The French media and the forging of a Franco-British alliance in the late 1930s

Hucker, Daniel (2017) The French media and the forging of a Franco-British alliance in the late 1930s. Media History, 23 (3-4). pp. 330-344. ISSN 1469-9729

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This article explores the interconnections between the media in France and the emergence of a Franco-British alliance on the eve of World War Two, emphasising how newspaper, radio and newsreel coverage helped mould British perceptions of France during the late-1930s. It will argue that British assessments of France, and thus France's potential value as a wartime ally, were influenced greatly by the dominant representations furnished by the media. In 1936, such representations portrayed a polarised France unworthy of British support; by 1939, they depicted a strong and united country of inestimable value to Britain. This transformation was not simply fortuitous; by the late-1930s, French politicians, conscious of the deleterious effect that media representations of a divided France was having on their country’s prestige, endeavoured to transform the media from a symptom of decadence and malaise into a weapon of unity and strength.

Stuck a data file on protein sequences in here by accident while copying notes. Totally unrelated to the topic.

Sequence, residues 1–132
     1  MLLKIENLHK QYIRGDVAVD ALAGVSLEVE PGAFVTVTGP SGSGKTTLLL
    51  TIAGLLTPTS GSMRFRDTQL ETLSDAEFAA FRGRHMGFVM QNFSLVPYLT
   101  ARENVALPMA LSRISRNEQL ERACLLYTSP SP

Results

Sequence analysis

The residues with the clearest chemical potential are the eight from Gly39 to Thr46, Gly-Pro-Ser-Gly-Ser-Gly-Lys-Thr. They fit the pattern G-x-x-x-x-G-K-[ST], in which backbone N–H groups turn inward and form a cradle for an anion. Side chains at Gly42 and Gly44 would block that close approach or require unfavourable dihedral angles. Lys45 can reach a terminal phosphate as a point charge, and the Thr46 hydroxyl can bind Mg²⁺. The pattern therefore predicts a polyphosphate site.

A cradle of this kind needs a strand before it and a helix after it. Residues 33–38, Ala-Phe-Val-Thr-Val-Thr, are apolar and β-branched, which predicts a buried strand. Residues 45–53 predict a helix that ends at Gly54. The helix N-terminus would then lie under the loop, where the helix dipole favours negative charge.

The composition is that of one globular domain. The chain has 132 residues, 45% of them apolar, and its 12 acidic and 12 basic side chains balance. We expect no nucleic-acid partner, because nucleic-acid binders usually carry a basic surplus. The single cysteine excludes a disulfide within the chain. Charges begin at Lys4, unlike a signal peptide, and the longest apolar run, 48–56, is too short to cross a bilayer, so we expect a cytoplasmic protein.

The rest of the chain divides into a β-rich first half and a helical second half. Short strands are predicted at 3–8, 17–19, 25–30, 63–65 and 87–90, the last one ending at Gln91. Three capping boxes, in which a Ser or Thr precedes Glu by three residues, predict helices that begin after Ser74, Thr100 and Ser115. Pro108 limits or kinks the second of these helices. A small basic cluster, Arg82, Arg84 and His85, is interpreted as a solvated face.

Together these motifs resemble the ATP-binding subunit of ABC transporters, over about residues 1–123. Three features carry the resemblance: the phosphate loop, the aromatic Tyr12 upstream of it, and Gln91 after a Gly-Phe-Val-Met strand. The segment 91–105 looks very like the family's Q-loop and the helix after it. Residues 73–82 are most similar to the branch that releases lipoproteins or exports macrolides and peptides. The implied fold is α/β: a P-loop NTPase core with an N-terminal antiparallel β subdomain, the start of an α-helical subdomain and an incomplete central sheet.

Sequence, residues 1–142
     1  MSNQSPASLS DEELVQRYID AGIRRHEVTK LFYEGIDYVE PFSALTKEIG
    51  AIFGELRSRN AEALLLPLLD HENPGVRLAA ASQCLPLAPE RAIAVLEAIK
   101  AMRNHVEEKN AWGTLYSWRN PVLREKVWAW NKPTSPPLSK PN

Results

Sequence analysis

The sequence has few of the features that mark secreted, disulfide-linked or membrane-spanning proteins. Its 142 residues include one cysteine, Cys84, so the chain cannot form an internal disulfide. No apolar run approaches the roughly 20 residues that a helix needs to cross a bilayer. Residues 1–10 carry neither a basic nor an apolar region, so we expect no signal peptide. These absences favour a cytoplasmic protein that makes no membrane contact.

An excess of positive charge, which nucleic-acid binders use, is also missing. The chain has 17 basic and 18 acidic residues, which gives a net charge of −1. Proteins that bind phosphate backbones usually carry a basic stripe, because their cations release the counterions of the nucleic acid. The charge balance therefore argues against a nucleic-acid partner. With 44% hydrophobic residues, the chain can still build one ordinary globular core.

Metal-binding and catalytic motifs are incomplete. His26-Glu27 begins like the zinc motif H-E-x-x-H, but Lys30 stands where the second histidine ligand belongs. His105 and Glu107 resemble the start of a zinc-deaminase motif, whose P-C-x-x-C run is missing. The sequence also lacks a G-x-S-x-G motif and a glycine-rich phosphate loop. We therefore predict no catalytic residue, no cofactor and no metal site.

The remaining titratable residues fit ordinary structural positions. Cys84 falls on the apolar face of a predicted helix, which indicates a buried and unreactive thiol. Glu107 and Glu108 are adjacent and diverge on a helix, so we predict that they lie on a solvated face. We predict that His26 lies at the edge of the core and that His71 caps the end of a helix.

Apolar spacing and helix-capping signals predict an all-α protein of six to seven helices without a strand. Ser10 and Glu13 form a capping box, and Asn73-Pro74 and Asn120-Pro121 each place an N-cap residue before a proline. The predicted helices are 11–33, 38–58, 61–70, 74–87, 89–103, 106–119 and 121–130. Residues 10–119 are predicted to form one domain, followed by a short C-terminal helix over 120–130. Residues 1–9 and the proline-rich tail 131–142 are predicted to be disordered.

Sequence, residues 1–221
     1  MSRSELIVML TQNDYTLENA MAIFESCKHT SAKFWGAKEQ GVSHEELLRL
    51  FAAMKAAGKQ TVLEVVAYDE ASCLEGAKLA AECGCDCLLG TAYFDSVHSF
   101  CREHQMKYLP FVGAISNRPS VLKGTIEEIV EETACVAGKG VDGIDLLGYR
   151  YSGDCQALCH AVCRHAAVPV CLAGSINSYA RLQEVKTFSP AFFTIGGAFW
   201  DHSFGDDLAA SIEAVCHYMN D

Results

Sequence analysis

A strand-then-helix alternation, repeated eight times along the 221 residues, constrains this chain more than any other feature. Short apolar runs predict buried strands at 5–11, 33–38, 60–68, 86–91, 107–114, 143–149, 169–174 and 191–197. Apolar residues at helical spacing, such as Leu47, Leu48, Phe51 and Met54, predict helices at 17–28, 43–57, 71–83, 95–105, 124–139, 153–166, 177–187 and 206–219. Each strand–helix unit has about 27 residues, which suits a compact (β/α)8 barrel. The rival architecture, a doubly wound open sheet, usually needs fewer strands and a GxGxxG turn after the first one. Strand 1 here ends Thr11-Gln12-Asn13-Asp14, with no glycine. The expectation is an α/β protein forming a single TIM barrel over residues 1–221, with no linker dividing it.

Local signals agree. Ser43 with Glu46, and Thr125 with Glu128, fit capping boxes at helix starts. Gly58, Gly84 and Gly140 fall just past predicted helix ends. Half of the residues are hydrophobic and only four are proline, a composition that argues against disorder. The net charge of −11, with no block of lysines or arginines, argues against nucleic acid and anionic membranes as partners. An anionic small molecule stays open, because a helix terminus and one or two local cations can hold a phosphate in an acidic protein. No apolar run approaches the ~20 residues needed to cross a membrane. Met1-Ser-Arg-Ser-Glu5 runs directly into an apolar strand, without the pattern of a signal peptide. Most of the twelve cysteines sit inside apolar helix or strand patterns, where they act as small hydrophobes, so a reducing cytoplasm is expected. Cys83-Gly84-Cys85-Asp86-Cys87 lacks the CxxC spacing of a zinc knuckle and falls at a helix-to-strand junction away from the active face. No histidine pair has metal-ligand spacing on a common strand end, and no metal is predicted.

Item Type: Article
Additional Information: This is an Accepted Manuscript of an article published by Taylor & Francis in Media History on 05.04.2017, available online:
Keywords: France, United Kingdom, Newspapers, Radio, Twentieth Century, War and Society, Edouard Daladier
Schools/Departments: University of Nottingham, UK > Faculty of Arts > School of Humanities > Department of History
Identification Number:
Depositing User: Eprints, Support
Date Deposited: 10 Feb 2017 13:59
Last Modified: 04 May 2020 18:41

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